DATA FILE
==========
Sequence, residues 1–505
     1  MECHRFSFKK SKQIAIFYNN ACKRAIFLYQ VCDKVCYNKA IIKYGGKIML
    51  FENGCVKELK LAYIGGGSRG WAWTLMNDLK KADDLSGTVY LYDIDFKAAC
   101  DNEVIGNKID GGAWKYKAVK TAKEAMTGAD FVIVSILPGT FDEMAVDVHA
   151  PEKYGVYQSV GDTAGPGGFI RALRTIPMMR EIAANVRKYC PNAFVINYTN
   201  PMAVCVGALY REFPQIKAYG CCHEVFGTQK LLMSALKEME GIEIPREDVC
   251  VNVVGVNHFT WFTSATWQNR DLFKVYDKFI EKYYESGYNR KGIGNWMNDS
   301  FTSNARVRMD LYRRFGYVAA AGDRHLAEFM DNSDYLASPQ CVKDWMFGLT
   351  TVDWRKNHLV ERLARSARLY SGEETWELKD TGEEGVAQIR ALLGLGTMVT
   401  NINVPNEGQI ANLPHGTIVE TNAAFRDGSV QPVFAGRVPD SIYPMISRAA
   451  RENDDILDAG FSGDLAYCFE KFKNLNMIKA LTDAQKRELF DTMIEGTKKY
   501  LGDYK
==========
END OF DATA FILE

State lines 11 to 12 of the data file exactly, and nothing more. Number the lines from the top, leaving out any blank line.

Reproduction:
   451  RENDDILDAG FSGDLAYCFE KFKNLNMIKA LTDAQKRELF DTMIEGTKKY
   501  LGDYK